The three elements of a lease payment
A lease payment is generated primarily from three elements: the Cap-Cost (the price), the Residual (value of the vehicle at the end of the lease), and the Money-Factor (comparable to an interest rate). Each one of these elements will affect the payment in a different way.
The cap-cost element is self-explanatory: the lower the price, the lower the payment. However, the residual and money-factor can affect the lease differently. The easiest way to look at the relationship between the residual and money-factor is to look at it from the leasing company’s (bank’s) perspective. The residual is the amount that the bank is obligated to pay for the vehicle at the end of the lease, while the money-factor is used to calculate how much money they are making on each payment.
If a leasing company would like to make the most money over the Term of the lease, it would apply a high money-factor. Conversely, if the leasing company would like to own the vehicle at the end of the lease at a good price, they would use a low residual.
For example, a bank could set the residual at a low value that would enable them to sell it easily or for a profit. This means a lease can have different money factors and residuals for the same payment.
Let’s look at two different scenarios based on the same cap-cost (price) and term (number of months). These examples will have different residuals and money-factors and yet they will yield the same payment of $318.
This example will be based on a price (cap-cost) of $20,000 and a 36 month (3 year) lease.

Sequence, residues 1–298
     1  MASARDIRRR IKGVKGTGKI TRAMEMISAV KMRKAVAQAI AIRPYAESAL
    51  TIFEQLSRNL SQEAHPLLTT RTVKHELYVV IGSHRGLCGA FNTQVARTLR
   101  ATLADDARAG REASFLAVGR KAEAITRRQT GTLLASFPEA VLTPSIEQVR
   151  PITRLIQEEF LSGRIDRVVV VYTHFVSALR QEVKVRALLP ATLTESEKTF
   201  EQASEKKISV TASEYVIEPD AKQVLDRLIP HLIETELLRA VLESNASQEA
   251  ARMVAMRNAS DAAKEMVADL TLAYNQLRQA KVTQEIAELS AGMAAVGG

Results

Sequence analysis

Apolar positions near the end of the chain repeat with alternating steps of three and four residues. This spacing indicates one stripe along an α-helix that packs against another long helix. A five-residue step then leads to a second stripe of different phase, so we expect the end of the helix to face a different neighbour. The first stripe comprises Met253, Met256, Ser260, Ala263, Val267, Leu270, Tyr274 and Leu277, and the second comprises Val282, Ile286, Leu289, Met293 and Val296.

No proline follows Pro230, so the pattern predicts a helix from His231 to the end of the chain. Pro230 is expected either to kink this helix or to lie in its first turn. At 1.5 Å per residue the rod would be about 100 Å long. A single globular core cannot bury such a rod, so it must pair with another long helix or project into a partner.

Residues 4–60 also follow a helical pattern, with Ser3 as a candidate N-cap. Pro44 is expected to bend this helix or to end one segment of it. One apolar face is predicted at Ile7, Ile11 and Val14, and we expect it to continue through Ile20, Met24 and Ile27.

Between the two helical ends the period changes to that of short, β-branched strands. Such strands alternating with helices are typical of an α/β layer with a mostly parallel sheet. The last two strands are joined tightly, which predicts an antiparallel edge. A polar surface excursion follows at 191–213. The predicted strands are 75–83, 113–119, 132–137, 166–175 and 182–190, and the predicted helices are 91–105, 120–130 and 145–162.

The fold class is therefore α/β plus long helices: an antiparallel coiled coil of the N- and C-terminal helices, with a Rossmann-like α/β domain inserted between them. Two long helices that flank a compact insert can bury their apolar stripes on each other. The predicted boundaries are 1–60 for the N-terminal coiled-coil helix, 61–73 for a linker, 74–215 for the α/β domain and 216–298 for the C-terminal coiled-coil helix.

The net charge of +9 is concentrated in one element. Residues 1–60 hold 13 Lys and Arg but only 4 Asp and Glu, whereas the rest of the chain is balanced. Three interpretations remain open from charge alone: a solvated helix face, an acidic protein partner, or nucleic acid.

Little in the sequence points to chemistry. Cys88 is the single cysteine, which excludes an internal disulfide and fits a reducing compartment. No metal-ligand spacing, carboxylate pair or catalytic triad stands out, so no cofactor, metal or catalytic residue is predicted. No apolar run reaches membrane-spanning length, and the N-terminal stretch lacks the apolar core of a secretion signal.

The Residual is $12,000, which produces a balance of $8,000 (the depreciation).
$8,000 divided by 36 months is $222 per month. Therefore, $222 of each lease payment is depreciation.
The Money-factor is 0.00300, which will yield a lease charge of $96.
The Total Payment is $222 + $96 = $318
The Residual is now a lower value of $10,000, producing a balance of $10,000.
$10,000 divided by 36 months is $277 per month. Therefore, $277 of each lease payment is depreciation.
The Money-factor is 0.00135, which will yield a lease charge of $41.
Therefore; $41 of each lease payment is the lease charge. The Total Payment is $277 + $41 = $318
In the first scenario, the residual is $12,000, indicating that the bank will own the vehicle for $12,000 at the end of the lease. This amount could be more than the car is worth in 3 years. Therefore, the leasing company is charging $96 on each payment.
In the second scenario, the Residual is $10,000, indicating that the bank will own the vehicle for $10,000 at the end of the lease. This could be exactly what the car will be worth in 3 years, so the bank is only making $41 on each payment. In the first scenario, the bank charged approximately $2,000 more in lease charges over 3 years than it did in the second scenario. However, in the second scenario, the bank will own the vehicle at the end of the lease for only $10,000, which is $2,000 less than in the first scenario.
If all this doesn’t affect the customer’s payment, why should the customer care? The reason is that if the customer is considering purchasing the car for the residual value at the end of the lease, he should look for a lease with a low residual, as in the second scenario. In this scenario, most of his lease payment is going to “pay-down” the value of the car and less is going to the lease charge. It is important to look carefully at all the components of the lease. It is wise for the customer to request the residual value and money-factor of every lease payment quoted by the dealer. The guidebook’s printable “Leasing Cheat Sheet” will allow the customer to verify the actual cost of leasing and select the best option. Also, because money-factors are not disclosed on a lease agreement, you can use our Money-Factor Finder to discover these values.